Supporters seeking new lawyer for Celil
OMAR EL AKKAD
Supporters of Huseyin Celil, a Canadian citizen detained in China, say that his court-appointed lawyer is inadequate and that Canada's Department of Foreign Affairs has recommended they obtain independent legal advice there.
Mr. Celil, who was born in China but came to Canada as a refugee in 2001, was detained in Uzbekistan last March while travelling with his family on Canadian passports. Last summer, Uzbekistan deported him to China, where he faces multiple terrorism-related charges. Despite his Canadian citizenship, Mr. Celil has so far been denied access to Canadian consulate officials or lawyers.
Mr. Celil is a member of the Uighur people, a Muslim minority group whose calls for greater independence have angered officials in Beijing. Chinese officials have for years accused myriad Uighurs of terrorism -- one of Mr. Celil's childhood acquaintances was executed in China earlier this month -- but members of the Uighur community abroad say any act of defiance or separatism easily falls under the Chinese definition of terrorism.
Mehmet Tohti, the president of the Uighur Canadian Association, sent an e-mail to supporters yesterday asking for donations to help raise the $12,000 he estimates it will cost to hire an independent lawyer in China.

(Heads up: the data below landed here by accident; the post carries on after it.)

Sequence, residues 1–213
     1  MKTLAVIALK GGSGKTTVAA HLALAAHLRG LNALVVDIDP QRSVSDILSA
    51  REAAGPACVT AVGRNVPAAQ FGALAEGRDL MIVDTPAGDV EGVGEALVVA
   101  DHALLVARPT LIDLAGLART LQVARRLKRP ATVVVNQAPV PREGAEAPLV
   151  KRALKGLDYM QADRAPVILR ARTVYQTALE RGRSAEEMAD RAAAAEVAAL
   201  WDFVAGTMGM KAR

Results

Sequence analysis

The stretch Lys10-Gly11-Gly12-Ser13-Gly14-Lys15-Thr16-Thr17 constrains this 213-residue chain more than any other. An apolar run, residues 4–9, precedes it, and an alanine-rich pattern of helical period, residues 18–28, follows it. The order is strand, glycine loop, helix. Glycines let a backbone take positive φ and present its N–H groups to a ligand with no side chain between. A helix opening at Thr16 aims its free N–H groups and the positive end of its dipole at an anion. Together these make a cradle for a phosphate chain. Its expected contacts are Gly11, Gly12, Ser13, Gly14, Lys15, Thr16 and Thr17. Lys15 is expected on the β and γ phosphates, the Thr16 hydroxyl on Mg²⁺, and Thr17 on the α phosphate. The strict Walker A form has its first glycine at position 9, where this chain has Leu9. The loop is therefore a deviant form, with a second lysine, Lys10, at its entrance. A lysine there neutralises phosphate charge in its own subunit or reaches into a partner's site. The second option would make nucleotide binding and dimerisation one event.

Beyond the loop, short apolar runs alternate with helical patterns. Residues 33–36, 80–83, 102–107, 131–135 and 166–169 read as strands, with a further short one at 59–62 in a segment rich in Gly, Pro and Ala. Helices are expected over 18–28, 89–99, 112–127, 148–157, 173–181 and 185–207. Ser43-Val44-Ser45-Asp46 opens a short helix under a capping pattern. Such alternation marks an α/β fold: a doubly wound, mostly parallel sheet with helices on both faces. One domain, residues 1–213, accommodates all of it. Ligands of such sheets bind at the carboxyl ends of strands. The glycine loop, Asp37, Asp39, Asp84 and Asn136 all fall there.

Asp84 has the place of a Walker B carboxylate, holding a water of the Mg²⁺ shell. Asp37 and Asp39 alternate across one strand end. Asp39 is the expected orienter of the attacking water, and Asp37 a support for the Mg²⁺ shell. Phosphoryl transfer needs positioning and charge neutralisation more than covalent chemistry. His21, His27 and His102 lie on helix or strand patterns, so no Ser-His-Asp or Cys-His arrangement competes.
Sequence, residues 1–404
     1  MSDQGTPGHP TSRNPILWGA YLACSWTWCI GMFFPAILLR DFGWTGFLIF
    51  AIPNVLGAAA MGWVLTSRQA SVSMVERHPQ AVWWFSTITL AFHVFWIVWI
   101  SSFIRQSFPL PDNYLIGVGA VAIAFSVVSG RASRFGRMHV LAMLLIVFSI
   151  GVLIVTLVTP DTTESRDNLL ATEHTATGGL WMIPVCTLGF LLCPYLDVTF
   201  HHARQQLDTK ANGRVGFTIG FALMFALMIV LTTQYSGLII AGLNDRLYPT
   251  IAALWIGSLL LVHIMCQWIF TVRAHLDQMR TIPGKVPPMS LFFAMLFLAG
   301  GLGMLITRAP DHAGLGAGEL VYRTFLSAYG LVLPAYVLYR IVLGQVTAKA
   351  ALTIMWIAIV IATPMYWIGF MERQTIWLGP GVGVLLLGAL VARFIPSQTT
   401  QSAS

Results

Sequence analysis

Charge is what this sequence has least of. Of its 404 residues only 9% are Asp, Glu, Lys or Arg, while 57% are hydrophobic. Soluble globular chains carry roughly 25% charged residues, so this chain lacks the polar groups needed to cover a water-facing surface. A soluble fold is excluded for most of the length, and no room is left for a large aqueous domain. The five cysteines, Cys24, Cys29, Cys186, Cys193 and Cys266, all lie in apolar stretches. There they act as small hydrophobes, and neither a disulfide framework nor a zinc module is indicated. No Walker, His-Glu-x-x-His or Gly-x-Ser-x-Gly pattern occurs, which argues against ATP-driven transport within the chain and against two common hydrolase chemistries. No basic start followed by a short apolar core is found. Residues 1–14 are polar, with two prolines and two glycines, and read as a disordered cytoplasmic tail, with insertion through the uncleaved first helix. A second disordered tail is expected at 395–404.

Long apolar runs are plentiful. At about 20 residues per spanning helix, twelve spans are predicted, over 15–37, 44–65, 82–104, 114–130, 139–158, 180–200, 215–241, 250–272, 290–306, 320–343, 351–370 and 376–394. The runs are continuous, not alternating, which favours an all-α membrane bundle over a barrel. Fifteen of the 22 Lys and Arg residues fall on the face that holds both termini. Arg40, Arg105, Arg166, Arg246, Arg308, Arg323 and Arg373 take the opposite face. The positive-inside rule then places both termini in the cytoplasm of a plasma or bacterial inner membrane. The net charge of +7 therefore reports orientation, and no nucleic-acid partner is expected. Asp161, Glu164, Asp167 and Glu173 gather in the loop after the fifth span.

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Mr. Tohti said he is unsure a new lawyer will be of much use to Mr. Celil. "The political powers in Beijing have already made a decision," he said of Mr. Celil's legal fate.
But a new lawyer might at least be able to prepare and present some documents in Mr. Celil's defence, something it doesn't appear his current lawyer has been able to do, Mr. Tohti said.
Mr. Tohti spoke with Mr. Celil's court-appointed lawyer over the weekend, he said. The lawyer told him he had met with Canadian officials, but otherwise there was little progress.
"He seemed a little bit scared," Mr. Tohti said of the lawyer.
In the meantime, Mr. Celil's immediate fate remains unclear. The first and last time he was seen in a public setting since his detention last March was early this month, when he appeared in a Chinese courtroom to hear charges against him.
While the practice of obtaining an independent lawyer is relatively straightforward in Canada, it is a far more unorthodox process in China, said Alex Neve, Canadian director of Amnesty International. Mr. Neve has been closely working on Mr. Celil's case since early in his detention.